11. I haven't used their history curriculum yet but there is a FB group for families using Blossom & Root that may have more info and there are some users on Instagram who used it. The user homeschooler_by_design has a review and flip-through on her IGTV: All of her curriculum is new enough that not many people have discussed it or reviewed it on these forums. If you do end up using it, please update after you are done about how you liked it!
  12. Those are fantastic ideas! His father (my ex-husband) took him to the Alligator Attraction and Wildlife Learning Center (aka when they went to Florida last (we both grew up in FL and have family there) and that is what really sparked his desire to be a herpetologist and his love of alligators and crocs, thereby winning the divorced parent bribe battle for the year 😅 so I bet this would be right up his alley. We live in Ohio but I grew up down the road from Gatorland and somehow have never been. Time to change that. School of Croc has been an awesome addition to our morning time routine.
  13. So, as a little background, I used to homeschool (pre-K, K and 1st) with my eldest and then both of my children went to PS when I started working a lot. We ended up withdrawing them when school was canceled due to COVID19 and I am leaning toward keeping them home from now because homeschooling has become doable and we are enjoying it. We began using BYL (levels 4 and 1) as the foundation of our curriculum and I added other things to supplement. Very quickly, it became apparent that we are really only using BYL as a booklist but the two levels use two different levels of SOTW (Ancients and 4). We are continuing to use SOTW even though we aren't implementing much of the actual BYL day-to-day and really like it but I am wondering whether it is a good idea to run two different levels simultaneously because it seems like I am making extra work for myself rather than focusing on going deep on one or the other? My sons are 10.5 and 7 (soon to be 8 ) and the eldest is really enjoying SOTW 4. Would you recommend: a) Continue doing both kids separately in 2 different levels. b) Combine both kids in Ancients and continue up together (stop SOTW 4) c) Go through SOTW 4 with my older son, stop SOTW1 with the 7 year old or do prehistory with him, and then have them together in ancients next year as history for both. Thanks in advance!
  14. There is no conspiracy. Our COVID19 ICU is hell. These people are incredibly sick and our resources are limited and we don't even have N95s to wear into their rooms. Some units are cleared out, this is not because we are not overwhelmed. Its because many non-critical patients and non-COVID patients are being diverted to the other hospitals, those that can't handle patients this critical. Any patient who doesn't absolutely need a bed is being discharged and sent out. My husband's unit is one of the ones that has been diverted/shut down. I am an ICU nurse (and the MICU where I began my career is now the COVID ICU for all critical patients in my region). The hospitals that have been ghost towns are purposely being cleared for the expected peak that is about to hit. They've also waived NCLEX requirements to let graduating nursing students be trained to work without it (which is crazy!). When I began training, I had 16 weeks of orientation, during which I had classes, demonstrations, and took patients on my unit with a preceptor to supervise and teach. These patients would be the sickest ones on the unit so that once I was on my own, I would know how to handle everyone. They are training the nurses on my husband's unit with ONE day of training on vents and drips so that they can take ICU assignments. None of us are getting crisis or hazard pay but we are threatened with administrative action if we refuse anything. We aren't allowed to wear N95s in the COVID + rooms unless we're intubating. We aren't allowed to wear regular ear loop masks in the hallways or procedure rooms. We're putting our lives, our family's lives, and our children's lives on the line for 27 bucks an hour.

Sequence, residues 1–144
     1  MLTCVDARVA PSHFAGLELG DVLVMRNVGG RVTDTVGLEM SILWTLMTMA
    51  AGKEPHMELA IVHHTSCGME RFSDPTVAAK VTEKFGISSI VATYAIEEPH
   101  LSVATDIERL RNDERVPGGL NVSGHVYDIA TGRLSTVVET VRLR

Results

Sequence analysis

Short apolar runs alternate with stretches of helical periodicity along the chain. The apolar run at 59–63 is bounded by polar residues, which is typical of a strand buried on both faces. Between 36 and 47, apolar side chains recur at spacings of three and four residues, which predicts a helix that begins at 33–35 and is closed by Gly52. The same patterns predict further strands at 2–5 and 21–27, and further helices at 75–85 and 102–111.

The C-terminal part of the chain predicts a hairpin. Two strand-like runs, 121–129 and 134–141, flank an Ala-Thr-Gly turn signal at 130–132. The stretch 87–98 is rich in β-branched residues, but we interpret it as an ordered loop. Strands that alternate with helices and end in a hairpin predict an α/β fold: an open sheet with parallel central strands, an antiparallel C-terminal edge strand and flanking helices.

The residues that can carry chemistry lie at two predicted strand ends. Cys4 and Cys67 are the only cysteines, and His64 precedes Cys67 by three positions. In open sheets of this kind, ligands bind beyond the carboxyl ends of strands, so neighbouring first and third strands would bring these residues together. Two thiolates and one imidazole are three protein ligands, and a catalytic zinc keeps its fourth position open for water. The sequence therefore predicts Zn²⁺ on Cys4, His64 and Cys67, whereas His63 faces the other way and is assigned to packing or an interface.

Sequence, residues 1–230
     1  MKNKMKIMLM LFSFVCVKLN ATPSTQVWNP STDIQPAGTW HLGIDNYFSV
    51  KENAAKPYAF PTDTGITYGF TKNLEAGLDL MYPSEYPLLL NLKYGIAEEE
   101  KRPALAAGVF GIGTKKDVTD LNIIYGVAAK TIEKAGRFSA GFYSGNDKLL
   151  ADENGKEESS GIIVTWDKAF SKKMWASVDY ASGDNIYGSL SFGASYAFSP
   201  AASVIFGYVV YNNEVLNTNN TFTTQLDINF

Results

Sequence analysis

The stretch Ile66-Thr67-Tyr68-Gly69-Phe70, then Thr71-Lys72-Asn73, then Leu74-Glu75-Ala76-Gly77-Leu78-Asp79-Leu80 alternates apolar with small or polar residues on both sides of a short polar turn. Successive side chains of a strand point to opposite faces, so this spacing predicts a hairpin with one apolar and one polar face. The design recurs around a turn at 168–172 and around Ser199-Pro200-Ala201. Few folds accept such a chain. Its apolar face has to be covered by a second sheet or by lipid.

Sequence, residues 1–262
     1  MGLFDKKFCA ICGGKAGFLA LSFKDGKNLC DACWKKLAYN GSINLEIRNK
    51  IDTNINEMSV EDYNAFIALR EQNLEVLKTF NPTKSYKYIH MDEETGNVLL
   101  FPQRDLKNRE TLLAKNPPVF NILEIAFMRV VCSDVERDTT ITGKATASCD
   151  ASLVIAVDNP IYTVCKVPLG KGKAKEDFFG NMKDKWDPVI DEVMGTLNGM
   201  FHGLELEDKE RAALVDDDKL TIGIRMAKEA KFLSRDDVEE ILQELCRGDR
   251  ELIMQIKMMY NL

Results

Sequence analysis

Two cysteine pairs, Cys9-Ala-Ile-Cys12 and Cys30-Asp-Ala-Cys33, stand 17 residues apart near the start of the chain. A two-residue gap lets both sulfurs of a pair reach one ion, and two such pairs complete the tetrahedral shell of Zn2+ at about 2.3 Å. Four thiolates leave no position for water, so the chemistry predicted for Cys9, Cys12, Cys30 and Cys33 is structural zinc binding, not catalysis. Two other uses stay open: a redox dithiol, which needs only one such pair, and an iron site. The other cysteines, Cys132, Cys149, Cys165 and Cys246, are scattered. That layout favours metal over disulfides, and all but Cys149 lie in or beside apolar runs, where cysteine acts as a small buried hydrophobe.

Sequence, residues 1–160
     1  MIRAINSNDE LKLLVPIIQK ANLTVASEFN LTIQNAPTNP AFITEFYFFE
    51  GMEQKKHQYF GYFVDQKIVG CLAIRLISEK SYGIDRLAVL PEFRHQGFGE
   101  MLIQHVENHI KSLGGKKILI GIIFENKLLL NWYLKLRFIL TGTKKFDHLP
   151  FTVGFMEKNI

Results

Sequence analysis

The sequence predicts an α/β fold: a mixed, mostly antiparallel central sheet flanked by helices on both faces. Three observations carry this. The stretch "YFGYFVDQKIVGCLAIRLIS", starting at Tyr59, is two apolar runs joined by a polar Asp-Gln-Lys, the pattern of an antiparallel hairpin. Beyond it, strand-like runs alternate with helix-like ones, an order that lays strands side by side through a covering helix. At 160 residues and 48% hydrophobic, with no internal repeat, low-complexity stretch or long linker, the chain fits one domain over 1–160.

15. Yay! And thank you so much for the info! He will be extremely excited about the "School of Croc" stuff. Alligators and crocodiles, in particular, are his primary love.